severely limited in law and in practice. Those who attempted to organize
meetings, express views or form organizations that conflicted with
government policy were subjected to punitive measures and harassment.
These included short-term detention, interrogation, threats, intimidation,
eviction, loss of employment, restrictions on travel, house searches,
house arrests, phone bugging and physical and verbal acts of aggression
carried out by government supporters.
The testimony of these organizations points to a continuation of
the pattern of human rights violations from previous years and, in
particular, in the year 2000. It
is clear that the changes made in 1998, in light of the visit of His
Holiness John Paul II to Cuba, at a time when expectations were running
high, have been progressively diluted and must be considered merely
interim measures. The
Commission must express its concern over repressive actions against
peaceful opponents, journalists and human rights activists who, year after
year, suffer harassment and discrimination for political reasons at the
hands of the Cuban authorities. Violations
of the freedoms of expression, assembly and association have been
legitimized in the Constitution and in criminal law, in a manner
completely incompatible with the American Declaration of the Rights and
Duties of Man, and institutionalized by the State in order to restrict and
prevent the exercise of those public freedoms.
The constitutional and criminal law provisions relating to such
concepts as "enemy propaganda", "contempt for
authority", "illegal association", "clandestine
printing", “dangerousness", "rebellion", "acts
against State security", "official warning",
"pre-crime and post-crime security measures", "links or
relationships to persons potentially dangerous to society",
"socialist legality", "socially dangerous", are
incompatible with the American Declaration and with the universal
principles for the protection of human rights.
The Commission will continue in its reports to insist that these
measures be withdrawn.
Harassment, disciplinary measures, accusations, temporary arrests,
dismissals from work, official warnings, and prison sentences against
peaceful opponents, journalists, labor unionists and human rights
activists have sparked various reactions in the international community.
On April 18, 2000, the United Nations Human Rights Commission
issued a resolution condemning Cuba for violations of human rights.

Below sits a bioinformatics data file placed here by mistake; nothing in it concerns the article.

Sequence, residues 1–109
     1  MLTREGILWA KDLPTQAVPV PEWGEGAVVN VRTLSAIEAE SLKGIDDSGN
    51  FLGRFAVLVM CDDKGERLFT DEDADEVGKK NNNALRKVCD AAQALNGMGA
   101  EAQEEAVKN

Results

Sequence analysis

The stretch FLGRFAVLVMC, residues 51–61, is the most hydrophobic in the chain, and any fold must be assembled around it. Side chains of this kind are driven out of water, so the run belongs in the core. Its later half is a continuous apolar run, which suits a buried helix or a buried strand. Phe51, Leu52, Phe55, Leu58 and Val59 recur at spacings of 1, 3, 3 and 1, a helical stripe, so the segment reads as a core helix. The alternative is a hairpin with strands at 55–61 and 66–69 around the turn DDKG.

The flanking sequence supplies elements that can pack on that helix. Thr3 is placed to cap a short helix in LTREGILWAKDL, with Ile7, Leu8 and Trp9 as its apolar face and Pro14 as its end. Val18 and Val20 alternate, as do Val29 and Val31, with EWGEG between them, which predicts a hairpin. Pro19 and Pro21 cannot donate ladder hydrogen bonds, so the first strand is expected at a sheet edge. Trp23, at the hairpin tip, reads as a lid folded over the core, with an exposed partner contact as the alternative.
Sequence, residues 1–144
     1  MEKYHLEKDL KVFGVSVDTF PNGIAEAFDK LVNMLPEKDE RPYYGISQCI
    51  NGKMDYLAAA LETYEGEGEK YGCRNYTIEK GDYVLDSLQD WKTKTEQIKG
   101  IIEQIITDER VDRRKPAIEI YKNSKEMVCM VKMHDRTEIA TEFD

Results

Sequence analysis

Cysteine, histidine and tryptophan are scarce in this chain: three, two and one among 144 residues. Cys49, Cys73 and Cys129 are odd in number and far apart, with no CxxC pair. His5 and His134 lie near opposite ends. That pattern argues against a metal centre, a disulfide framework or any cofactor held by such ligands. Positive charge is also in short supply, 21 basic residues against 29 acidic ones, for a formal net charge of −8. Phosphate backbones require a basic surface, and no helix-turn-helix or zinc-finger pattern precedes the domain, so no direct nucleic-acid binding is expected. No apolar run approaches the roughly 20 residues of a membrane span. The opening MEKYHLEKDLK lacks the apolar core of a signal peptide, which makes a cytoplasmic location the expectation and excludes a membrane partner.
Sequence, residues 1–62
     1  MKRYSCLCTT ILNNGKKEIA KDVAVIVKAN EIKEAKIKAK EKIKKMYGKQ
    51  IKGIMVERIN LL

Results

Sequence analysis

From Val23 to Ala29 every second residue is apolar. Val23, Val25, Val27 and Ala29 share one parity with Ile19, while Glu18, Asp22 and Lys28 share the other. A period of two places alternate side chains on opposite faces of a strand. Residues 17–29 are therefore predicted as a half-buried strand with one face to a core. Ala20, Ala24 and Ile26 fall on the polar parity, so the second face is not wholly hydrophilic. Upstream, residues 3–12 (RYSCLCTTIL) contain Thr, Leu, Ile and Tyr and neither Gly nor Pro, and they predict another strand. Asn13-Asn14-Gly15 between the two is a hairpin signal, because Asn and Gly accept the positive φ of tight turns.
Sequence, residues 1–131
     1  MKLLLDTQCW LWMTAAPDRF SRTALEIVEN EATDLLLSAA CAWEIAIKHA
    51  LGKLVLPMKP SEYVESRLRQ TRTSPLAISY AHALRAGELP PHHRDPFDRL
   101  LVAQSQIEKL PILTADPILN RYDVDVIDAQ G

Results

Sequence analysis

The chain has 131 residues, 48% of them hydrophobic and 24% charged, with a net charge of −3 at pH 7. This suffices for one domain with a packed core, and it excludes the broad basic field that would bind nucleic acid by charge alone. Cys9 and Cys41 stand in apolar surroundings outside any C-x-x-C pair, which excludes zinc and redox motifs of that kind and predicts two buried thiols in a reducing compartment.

In that resolution, the Commission, inter
alia, “reiterates its
concern about the continued repression of members of the political
opposition and about the detention of dissidents, including the members of
the Grupo de Trabajo de la Disidencia Interna”, and “calls upon
the Government of Cuba to release all the persons detained or imprisoned
for peacefully expressing their political, religious and social views and
for exercising their rights to full and equal participation in public
affairs.” It also urges
“the Government of Cuba to open a dialogue with the political
opposition” and “to afford the country full and open contact with
other countries, in order to ensure the enjoyment of all human rights for
all Cuban people by utilizing international cooperation, by allowing a
freer flow of people and ideas and by drawing on the experience and
support of other nations.” 
At the beginning of this report, the Commission referred to the visit to
Cuba of the United Nations Special Rapporteur on violence against women
and her comments on positive measures taken by the Cuban State in favor of
women. The Special Rapporteur,
however, had observations for the Cuban State with respect to
discrimination against Cuban women for political reasons.
In this respect, she declared,
inter alia, that "one vulnerable group of women in Cuba are
the women whose political views are not acceptable to the Government. The refusal to accept independent political and civil
organizations that would act as watchdogs vis‑à‑vis
the Government is the main cause of this vulnerability.
The Special Rapporteur received allegations and information about
many cases of women being arbitrarily detained for political or
journalistic activism. The
Special Rapporteur entered into a dialogue with the Attorney General about
two compelling cases. The
Special Rapporteur was told that she could meet the woman detained in one
of these cases when she visited the prison, but when she arrived she was
told that the woman in question was unwell and in hospital.
The problem of arbitrary detention remains one of the most serious
violations of human rights in Cuba, even with regard to cases involving
violence against women.”
For its part, the European Union has made no change in its Common
Position, which conditioned full economic cooperation with Cuba on
improvements in its respect for human rights and fundamental liberties.
This Common Position was adopted in 1996, with a request to the Cuban
State to reform its national legislation relating to civil and political
rights, including the Cuban Criminal Code and, consequently, to put an end
to political imprisonment and to cease the harassment and repression
against dissidents. But in February 2000 Cuba formally requested
integration into the multilateral grouping established under the Lomé
Convention, a trade and aid agreement linking the European Union to
African, Caribbean and Pacific States. The application sparked
considerable debate about whether Cuba's association would be consistent
with the agreement's criteria on democracy and human rights. In April,
however, the debate was mooted by Cuba's decision to withdraw its
application, because several members of the European Community had
supported the United Nations resolution condemning Cuba for human rights
violations. The Cuban government also cancelled a visit planned for late
April by senior EU officials. Yet in August, Cuba expressed renewed
interest in associating with the EU's aid pact, now called the Cotonou
The analysis in the preceding paragraphs is confirmed by the many